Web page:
Things continued to go downhill, not for me personally since I didn't publish anything with them in 2018, but for many others. I stopped writing the series and spent 2018 writing something else entirely. I worried this would hurt the momentum of my sales and my series, but I didn't want to give Curiosity Quills any more of my work until they showed they'd do well by it. 

They didn't show me that. In fact, things looked sketchier and sketchier by the day.

So, in October, I did it. I asked for my rights back. 

I was expecting a struggle over it, which was probably part of why I hesitated all those months. The contract asked for kill fees and I was worried I'd have to get a lawyer involved to show how they had breached the contract already and shouldn't gain from my work. My other job is teaching, which doesn't pay well enough to make legal fees a casual consideration.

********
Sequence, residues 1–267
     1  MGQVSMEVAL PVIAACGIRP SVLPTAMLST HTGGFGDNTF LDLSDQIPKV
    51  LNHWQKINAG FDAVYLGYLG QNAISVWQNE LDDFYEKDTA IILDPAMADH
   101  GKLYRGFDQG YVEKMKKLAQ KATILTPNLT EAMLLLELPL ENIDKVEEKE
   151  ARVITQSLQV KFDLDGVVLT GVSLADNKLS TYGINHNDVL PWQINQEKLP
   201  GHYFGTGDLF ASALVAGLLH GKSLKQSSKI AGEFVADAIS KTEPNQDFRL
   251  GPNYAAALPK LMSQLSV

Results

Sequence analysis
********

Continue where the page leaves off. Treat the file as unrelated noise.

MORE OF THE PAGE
To my great relief, my rights were granted painlessly with pleasant words wishing me well in my publishing journey. To my even greater relief, Falstaff Books signed me right away, and agreed to get my books re-released in early 2019. 

In December, I learned that the company had not paid that nice woman who still responded to messages since October and that she had left the company. I began to feel like I'd jumped ship just in time. (click here for the Writer Beware article). Author after author, including their biggest names and most prolific writers are leaving. I'd be surprised if the company doesn't entirely fold here quite soon. 

The worst part about the ending of this story is what feels like unprofessional and disrespectful behavior of the company towards me and the other writers. They've been ghosting the entire group. They stopped responding to emails, private group messages, DMs, and even public social media callouts.